Nigeria drops ‘terrorism’ charges against Biafra separatist

The Nigerian Court of Appeal¬†dismissed all terrorism charges against Nnamdi Kanu, the leader of separatist group the Indigenous People of Biafra (IPOB). Nigerian authorities have identified IPOB as a “terrorist organization,” but international organizations including the Council on Foreign Relations disagree with the designation, and are urging the US not to adopt it.¬†Amnesty International welcomed the judgement, stating that Kanu’s right to a fair hearing was violated. Amnesty said that Nigeria must now “abide by the ruling, in compliance with its human rights obligations.” (Photo: Alisdare Hickson/Flickr)


UN appoints rapporteur on human rights in Russia

Citing the criminalization of protest and dissent, the UN Human Rights Council voted to create a special rapporteur for Russia. The resolution authorizes the rapporteur to operate for a year, with a mandate to monitor the rights situation in the Russian Federation; to collect and assess relevant information from all stakeholders; to make recommendations; and to present comprehensive reports to the Council and to the General Assembly. The move marks the first time that the Human Rights Council has set up a special rapporteur to examine the rights record of a permanent member of the Security Council. (Photo via Critical Mass)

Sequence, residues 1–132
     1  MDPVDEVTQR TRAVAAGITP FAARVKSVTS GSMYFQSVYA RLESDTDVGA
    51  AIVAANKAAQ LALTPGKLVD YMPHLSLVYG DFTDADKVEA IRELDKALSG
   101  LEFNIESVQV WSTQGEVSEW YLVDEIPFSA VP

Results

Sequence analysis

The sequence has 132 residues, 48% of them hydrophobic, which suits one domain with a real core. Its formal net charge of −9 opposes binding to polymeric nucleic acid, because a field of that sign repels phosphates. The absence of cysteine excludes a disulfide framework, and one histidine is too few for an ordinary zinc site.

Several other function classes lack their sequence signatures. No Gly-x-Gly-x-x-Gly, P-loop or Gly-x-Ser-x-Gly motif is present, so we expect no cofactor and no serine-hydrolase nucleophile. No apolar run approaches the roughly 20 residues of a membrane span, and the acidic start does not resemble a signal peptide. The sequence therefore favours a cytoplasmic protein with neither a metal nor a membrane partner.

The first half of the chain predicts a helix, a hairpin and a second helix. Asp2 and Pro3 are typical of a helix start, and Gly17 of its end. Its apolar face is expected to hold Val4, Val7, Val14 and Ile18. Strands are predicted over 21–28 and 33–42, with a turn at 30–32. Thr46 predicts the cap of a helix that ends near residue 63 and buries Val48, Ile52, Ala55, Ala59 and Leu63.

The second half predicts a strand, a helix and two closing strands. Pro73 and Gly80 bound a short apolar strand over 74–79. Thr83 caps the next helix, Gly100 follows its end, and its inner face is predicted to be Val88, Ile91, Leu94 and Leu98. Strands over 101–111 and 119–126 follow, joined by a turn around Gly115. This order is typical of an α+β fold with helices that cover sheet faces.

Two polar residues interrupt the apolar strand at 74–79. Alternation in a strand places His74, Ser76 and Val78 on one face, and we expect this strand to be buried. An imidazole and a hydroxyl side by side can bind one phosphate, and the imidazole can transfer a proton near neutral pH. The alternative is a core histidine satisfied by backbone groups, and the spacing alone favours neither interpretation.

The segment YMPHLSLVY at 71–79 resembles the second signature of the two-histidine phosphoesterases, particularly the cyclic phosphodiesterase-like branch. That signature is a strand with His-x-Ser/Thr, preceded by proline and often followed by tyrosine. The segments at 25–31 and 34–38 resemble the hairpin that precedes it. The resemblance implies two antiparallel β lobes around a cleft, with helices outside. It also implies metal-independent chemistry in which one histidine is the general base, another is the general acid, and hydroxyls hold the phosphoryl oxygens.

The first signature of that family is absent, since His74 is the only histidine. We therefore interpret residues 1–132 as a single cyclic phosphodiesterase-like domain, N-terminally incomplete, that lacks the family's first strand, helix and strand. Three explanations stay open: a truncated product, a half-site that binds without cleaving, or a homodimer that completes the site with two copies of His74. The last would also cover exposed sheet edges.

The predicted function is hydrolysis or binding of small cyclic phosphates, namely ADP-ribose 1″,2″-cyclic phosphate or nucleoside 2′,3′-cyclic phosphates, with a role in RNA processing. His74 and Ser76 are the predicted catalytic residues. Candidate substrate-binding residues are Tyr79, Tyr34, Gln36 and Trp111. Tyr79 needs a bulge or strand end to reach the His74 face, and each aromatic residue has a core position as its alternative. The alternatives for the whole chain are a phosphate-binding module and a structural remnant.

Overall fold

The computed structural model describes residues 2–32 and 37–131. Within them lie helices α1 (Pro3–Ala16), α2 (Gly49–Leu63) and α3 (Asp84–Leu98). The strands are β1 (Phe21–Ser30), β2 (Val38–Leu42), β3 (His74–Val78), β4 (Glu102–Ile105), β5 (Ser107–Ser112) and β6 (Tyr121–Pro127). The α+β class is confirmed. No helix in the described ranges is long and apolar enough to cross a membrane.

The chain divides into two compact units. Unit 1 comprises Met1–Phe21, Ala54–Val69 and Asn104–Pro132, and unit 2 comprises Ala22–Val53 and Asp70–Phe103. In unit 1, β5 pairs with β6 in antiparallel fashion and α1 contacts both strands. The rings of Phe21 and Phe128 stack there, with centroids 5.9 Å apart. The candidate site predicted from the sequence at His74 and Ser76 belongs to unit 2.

Central African Republic

ICC war crimes trial for CAR militia leader opens

The International Criminal Court (ICC) opened a trial¬†against Mahamat Said Abdel Kani, a leader of the S√©l√©ka rebel group, for crimes humanity and war crimes in violation of the Rome Statute. Said allegedly committed these crimes in Bangui, capital of the Central African Republic (CAR), in 2013. The S√©l√©ka carried out widespread reprisals against supporters of ousted¬†president Fran√ßois Boziz√© after taking the capital that year.¬†Said pleaded not guilty to all charges. The CAR is also to carry out its own war crimes trials related to the internal conflict. (Map via Perry-Casta√Īeda Library Map Collection)